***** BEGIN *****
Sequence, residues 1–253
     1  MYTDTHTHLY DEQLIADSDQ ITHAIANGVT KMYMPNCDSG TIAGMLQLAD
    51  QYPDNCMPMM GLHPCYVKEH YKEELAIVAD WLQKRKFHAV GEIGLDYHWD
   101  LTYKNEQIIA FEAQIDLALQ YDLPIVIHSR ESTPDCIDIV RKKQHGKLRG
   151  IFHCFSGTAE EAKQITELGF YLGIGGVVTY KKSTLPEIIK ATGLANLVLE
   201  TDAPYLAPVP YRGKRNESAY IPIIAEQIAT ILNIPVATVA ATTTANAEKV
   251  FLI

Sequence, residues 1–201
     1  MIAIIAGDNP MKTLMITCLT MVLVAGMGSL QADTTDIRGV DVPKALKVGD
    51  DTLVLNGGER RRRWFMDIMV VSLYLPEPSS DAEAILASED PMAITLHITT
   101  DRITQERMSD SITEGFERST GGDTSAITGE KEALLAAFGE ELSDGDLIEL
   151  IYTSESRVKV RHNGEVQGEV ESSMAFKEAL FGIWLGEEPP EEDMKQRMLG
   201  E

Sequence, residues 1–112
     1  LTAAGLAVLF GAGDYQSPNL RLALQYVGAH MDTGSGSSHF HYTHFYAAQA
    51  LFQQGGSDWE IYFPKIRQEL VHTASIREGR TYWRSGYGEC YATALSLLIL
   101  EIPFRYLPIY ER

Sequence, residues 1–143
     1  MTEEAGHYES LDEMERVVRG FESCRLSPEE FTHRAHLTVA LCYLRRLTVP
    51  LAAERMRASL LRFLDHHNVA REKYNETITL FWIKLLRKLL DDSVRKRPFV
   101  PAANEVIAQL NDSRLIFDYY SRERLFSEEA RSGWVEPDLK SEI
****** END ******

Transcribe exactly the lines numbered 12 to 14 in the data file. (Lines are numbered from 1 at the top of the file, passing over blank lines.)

   151  IYTSESRVKV RHNGEVQGEV ESSMAFKEAL FGIWLGEEPP EEDMKQRMLG
   201  E

Sequence, residues 1–112